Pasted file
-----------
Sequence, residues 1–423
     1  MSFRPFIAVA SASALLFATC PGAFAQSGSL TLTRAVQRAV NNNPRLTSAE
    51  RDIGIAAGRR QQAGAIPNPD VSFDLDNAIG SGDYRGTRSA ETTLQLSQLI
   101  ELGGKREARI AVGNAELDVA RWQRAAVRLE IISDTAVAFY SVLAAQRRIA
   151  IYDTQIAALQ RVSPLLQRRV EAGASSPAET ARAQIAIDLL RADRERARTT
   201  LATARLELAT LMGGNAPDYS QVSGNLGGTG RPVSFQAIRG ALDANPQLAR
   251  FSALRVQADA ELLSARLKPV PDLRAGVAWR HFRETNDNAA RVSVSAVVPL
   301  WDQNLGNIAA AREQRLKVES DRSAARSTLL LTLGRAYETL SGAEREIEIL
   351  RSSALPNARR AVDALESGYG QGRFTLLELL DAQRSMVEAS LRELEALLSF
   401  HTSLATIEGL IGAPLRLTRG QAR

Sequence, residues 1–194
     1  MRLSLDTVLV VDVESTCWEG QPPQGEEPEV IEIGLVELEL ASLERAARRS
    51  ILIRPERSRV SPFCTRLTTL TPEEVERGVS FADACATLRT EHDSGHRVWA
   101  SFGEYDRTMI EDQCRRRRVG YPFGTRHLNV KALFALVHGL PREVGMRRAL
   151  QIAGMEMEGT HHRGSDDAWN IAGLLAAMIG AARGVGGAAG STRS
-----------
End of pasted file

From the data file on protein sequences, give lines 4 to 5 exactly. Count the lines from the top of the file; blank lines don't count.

   101  ELGGKREARI AVGNAELDVA RWQRAAVRLE IISDTAVAFY SVLAAQRRIA
   151  IYDTQIAALQ RVSPLLQRRV EAGASSPAET ARAQIAIDLL RADRERARTT